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Trophy Kingfish on Fly - The Spring Menu

Dipping a fly into the mayhem of 10-20 monster kingfish crashing into the boat to get the noisy popper is a moment of fear and joy. 

If you went into the ring with Mike Tyson what would you do? Would you go the 12 rounds and hope to survive, or would you try to get the first punch in and knock him out in 5 seconds?

Battling huge kingfish on a fly rod is as close as most of us ever get to boxing and facing a legendary fighter. It’s one on one, the ring is a boat, and your opponent is the mighty yellowtail kingfish.

In early October, the kings start to school up and make their way to the spawning grounds. By mid October, they appear in little schools on the outer reefs and by late October, it’s all on.

The first ones to arrive are the best ones. Big and angry, maybe a bit anxious about moving in from the depths to hunt the shallows and finding the right girlfriends for the season. They also need to adapt to the new food sources after having been feeding on deepwater squid, ruby fish and small barracoutas.

Dinner now mainly contains of small arrow squid, mackerel, flying fish and a mix of reef fish. As the water slowly heats up, schools of bait fish join the menu card.

Being there to watch the first big kingfish arrive is for me the highlight of the year. It’s a fun game and an amazing nature study to sneak out at early morning and throw some big hookless poppers around. As the big kings haven’t had any fishing pressure for around 6 months, they don’t care about the boat, anglers or anything. When the popper is retrieved fast to the boat, it is not unusual to have 10-20 monster kingfish crashing into the boat in their attempt to catch the noisy popper. Dipping a fly into this mayhem is a moment of fear and joy.

Squid Sign Language

Getting a big king to eat a fly is the easy part. If the kingfish are surface active, all we do is look at the slaughter house and see what’s being slaughtered. Squid or “kingfish candy” as I call them are the preferred food source. Any kingfish will go to extremes to get a feed of squid.

It’s amazing to watch the squid trying to outsmart the kings, not something they have a lot of luck in, though. The squid try small jumps, colour changes, fast turns and all sorts, but the mighty king is a heartless hunter. Usually when the squid changes colour to a rusty red colour, it means “I’m 2 seconds away from being swallowed by a big yellow tailed monster!”

This is a useful trick to use in our fly tying. White squid fly means “I’m a dead squid”. Pearl squid fly means ”I’m a happy squid” and a rusty coloured squid fly means that you are 2 seconds away from hooking up to the fish of your dreams.

Flying fish

When the kingfish are feeding on flying fish, the fly rodder faces a different challenge. The fish move so fast that we can charge around all day without ever getting a decent shot. It’s amazing to watch though, as a flying fish starts its 75mtr low flight with several big pressure waves following underneath.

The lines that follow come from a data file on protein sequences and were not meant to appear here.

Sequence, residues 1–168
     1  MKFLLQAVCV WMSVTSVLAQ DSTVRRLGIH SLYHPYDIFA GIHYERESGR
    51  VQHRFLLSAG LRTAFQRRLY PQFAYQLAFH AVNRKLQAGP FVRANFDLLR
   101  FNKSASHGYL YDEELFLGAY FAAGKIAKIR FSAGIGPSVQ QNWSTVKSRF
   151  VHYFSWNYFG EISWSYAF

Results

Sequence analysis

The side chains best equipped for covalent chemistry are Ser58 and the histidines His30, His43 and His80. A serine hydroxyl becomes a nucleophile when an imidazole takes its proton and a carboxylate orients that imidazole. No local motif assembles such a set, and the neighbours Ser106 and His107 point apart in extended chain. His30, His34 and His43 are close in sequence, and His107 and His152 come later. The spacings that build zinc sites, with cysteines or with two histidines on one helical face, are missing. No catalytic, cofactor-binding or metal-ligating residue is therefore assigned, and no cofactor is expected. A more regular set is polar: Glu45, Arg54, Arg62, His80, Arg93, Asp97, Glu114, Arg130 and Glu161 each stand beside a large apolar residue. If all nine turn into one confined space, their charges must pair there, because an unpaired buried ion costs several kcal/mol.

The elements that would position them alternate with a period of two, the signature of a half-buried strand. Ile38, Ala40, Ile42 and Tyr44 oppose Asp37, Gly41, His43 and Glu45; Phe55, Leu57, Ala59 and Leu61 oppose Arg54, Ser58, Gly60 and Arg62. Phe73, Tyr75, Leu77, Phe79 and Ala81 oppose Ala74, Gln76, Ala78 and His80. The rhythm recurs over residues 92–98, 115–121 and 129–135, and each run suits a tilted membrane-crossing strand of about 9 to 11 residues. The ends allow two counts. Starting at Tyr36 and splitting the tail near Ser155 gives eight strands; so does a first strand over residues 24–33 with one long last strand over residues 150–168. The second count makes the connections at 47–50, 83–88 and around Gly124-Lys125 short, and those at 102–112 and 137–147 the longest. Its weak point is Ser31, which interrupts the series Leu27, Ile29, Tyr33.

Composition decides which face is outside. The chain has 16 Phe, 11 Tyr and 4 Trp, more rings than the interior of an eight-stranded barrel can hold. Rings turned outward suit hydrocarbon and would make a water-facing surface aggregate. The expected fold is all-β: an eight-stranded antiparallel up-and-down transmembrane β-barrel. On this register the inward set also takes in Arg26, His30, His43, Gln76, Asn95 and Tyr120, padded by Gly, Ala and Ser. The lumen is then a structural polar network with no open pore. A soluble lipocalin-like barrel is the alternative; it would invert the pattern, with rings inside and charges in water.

I hope they will never evolve into flying longer than that as it’s highly amusing to watch as gravity settles the poor flying fish’s fate. We have experimented with flying fish imitations and chased them around throwing ridiculous flies, but haven’t been too successful. It seems to produce more strikes when fishing big deceivers high in the water.

Flying fish like to seek a bit of shelter around current lines as there are always bits of weed where food and safety exists. Kingfish know this, and patrolling current lines is all in a day’s routine of a kingfish. Poppers and big deceivers are the weapon of choice; however its hard work though casting big flies on 12-14 weights and the angler needs to save energy for the fight.


Over the last four seasons I have seen an increase in huge sunfish turning up. At first glance in the distance they look like big cruising hammerheads with their big dorsal fin out of the water. I used to ignore these enormous, pre-historic strange creatures until the day I saw a few kingfish cruising with one.

Kingfish, just like mahi-mahi, are suckers for floating objects, they love swimming around a channel marker, a moored boat and to my surprise also around huge sunfish. Another surprise was that there can sometimes be lots of kingfish with a sunfish. Yet another surprise was the size of some of the kingfish swimming with sunfish.

Now, I will guaranty that any sunfish, no matter the size, will get a lot of attention. Some with a smile on their face have been asking if a sunfish can be caught on a fly?? I will leave it with the reader to invent a jellyfish imitation and a 200weight fly rod for the purpose.


When no surface action is in sight, it doesn’t mean that there are no kingfish present. All they are doing is cruising the reef, waiting for another portion of food to travel through. They can still be teased up with hookless poppers or hookless jigs, but they are a bit harder to excite. In this “in between meals” situation, a deep slow retrieved bulky fly is the trick of the century. It requires a lot of patience from the angler to let a fly sink down 15-20 meters, but it’s well worth the effort as a lot of our big fish are being hooked this way.

Unfortunately a hookup down deep means a huge advantage to the king as the reef is just meters away, and short process is often the outcome.


This was the first article on chasing trophy kingfish on fly (saltwater fly fishing). Read the second part: Kingfish on Fly - The Take & Fight

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